Batteries Quotes

Quotes tagged as "batteries" Showing 1-9 of 9
Arthur Conan Doyle
“I am somewhat exhausted; I wonder how a battery feels when it pours electricity into a non-conductor?”
Arthur Conan Doyle , The Adventure of the Dying Detective

Rick Riordan
“What's the big deal with Bejamin Frankin, anyway? I mean, so the guy invented electricity or whatever. That was hundreds of years ago."
He didn't invent electricity," Amy said, trying not to sound too annoyed."He discovered that lightning was the same stuff as electicity. He invented lightning rods to protect buildings and experimented with batteries and-"
I do that. Have you ever put one on your tounge?”
Rick Riordan, The Maze of Bones

Edward M. Wolfe
“It's called the Infinity Effect.”
Edward M. Wolfe, In the End

“Electricity," Purva said, rolling the strange new word around in her mouth, giving it at once an Australian and a French inflection.

"Sir William was playing around with it when we met, do you remember?" Jack said to Clare. "He was storing charges in boxes."

"I remember he was blowing things up," Clare replied.

"Six of one..." Jack grinned. "Nobody really knows how it works, but down here it powers most of the lights in the big cities and parts of the automobiles and the stoves in the train kitchen. You can store the power in blocks, then hook it up to anything you might otherwise run on a boiler. It's cooler, and the blocks last longer than coal. I think I can reproduce it when we get home, if I can take enough schematics with me."

"He is going to kill himself," Purva said, but her tone was casual, not overly worried.

"I'm not going to kill myself," Jack answered, equally casual. "Just because it can cause your heart to stop doesn't mean it always does.”
Sam Starbuck, The Dead Isle

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Mayank Tanwar

Dan Wells
“They buried him in dirt that smelled like broken batteries, and crouched in a fiberglass shed while the acid rain poured down to dissolve his flesh and bleach his bones.”
Dan Wells, Fragments

“Reading allows me to recharge my batteries.”
Rahul Dravid

William Kamkwamba
“If we were going to determine what was broken in the radios, we needed a power source. With no electricity, this meant batteries. [...] we'd walk to the trading center and look for used cells that had been tossed in the waste bins. [...]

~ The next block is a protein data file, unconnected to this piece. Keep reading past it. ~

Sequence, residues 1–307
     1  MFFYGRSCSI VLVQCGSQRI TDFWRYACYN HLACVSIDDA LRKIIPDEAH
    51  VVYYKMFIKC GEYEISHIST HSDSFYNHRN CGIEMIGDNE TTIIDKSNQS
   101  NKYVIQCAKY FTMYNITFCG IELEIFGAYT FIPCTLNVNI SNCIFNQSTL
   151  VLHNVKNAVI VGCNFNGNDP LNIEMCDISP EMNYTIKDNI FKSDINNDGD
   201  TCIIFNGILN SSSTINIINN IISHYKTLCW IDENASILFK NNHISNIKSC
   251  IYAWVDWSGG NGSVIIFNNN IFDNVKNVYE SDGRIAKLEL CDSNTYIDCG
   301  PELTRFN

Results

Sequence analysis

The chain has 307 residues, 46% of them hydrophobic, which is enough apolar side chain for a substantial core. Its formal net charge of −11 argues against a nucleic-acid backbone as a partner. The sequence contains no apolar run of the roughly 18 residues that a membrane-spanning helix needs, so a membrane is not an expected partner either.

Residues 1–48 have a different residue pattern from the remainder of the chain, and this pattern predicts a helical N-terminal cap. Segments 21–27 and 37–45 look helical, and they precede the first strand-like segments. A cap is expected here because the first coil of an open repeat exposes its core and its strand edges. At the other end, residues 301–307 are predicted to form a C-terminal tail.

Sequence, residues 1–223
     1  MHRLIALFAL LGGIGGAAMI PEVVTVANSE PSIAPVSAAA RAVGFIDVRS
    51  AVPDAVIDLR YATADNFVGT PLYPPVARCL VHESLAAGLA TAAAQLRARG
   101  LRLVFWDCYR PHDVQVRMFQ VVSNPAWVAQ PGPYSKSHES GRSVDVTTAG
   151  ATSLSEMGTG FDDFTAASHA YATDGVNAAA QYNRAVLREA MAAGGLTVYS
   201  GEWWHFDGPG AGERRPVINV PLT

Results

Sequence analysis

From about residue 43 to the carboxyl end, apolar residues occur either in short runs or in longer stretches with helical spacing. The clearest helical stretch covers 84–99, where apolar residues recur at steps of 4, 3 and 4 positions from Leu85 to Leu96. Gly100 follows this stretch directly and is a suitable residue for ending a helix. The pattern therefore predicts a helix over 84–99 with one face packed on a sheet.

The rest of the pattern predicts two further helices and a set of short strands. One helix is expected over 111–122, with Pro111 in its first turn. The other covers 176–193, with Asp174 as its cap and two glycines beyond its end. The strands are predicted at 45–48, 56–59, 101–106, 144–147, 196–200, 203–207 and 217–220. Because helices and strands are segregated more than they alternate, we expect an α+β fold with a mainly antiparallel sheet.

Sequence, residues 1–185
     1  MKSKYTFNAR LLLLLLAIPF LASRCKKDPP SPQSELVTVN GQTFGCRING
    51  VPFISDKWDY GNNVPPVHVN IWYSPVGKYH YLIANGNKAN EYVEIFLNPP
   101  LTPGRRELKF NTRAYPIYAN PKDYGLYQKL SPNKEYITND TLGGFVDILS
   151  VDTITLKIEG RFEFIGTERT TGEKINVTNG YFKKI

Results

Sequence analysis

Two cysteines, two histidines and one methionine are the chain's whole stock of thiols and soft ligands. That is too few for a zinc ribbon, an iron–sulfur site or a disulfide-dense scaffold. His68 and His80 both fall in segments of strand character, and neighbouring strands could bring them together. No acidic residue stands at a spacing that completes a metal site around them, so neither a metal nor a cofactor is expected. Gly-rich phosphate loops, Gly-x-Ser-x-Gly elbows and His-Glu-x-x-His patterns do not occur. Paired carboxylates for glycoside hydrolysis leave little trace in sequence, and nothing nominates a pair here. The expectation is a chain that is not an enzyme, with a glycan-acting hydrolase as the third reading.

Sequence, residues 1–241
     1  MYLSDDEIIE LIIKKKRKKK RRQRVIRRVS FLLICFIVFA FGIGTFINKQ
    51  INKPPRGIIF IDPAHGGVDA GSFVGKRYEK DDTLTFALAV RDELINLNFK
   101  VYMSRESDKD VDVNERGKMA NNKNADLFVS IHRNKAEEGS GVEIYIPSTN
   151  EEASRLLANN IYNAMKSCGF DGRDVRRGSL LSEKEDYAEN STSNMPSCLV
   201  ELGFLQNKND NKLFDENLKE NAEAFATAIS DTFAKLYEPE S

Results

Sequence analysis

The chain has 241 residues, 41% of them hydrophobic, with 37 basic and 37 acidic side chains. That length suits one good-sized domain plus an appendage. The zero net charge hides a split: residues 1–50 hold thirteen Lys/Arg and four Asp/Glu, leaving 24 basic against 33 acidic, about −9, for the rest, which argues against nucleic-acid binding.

First we'd test the battery to see if any juice was left in it. We'd attach two wires to the positive and negative ends and connect them to a torch bulb. The brighter the bulb, the stronger the battery. Next we'd flatten the Shake Shake carton and roll it into a tube, then stack the batteries inside, making sure the positives and negatives faced in the same direction. Then we'd run wires from each end of the stack to the positive and negative heads inside the radio, where the batteries normally go. Together, this stack of dead batteries usually contained enough juice to power a radio.”
William Kamkwamba, The Boy Who Harnessed the Wind: Creating Currents of Electricity and Hope

Michael  Grant
“Hey, brah,” Quinn said.
“What is going on, do you know?” Sam asked.
“It’s a club.” Quinn grinned. “Man, you must be working too hard. Everyone knows about it.”
Sam stared at him. “It’s a what?”
“McClub, brah. All you need is some batteries or some toilet paper.”
This announcement left Sam baffled. He considered asking Quinn for clarification, but then Albert appeared, formally dressed, like he thought it was graduation or something. He actually had on a dark sports coat and slacks in a lighter shade. His shirt was pale blue, collared, and ironed. Spotting Sam, he extended his hand.
Sam ignored the hand. “Albert, what is going on here?”
“Dancing, mostly,” Albert said.
“Excuse me?”
“Kids are dancing.”
Quinn caught up then and stepped in front of Sam to shake Albert’s still-extended hand. “Hey, dude. I have batteries.”
“Good to see you, Quinn. The price is four D cells, or eight double As, or ten triple As, or a dozen Cs. If you have a mix, I can work it out.”
Quinn dug in his pocket and produced four triple A batteries and three D cells. He handed them to Albert, who agreed to the price and dropped the batteries into a plastic bag at his feet.
“Okay, the rules are no food, no alcohol, no attitude, no fights, and when I call ‘time,’ there’s no arguing about it. Do you agree to these rules?”
“Dude, if I had any food, would I be here? I’d be home eating it.” Quinn put his hand over his heart like he was pledging allegiance to the flag and said, “I do.” He jerked a thumb back at Sam. “Don’t bother with him: Sam doesn’t dance.”
“Have a good time, Quinn.”
Michael Grant, Hunger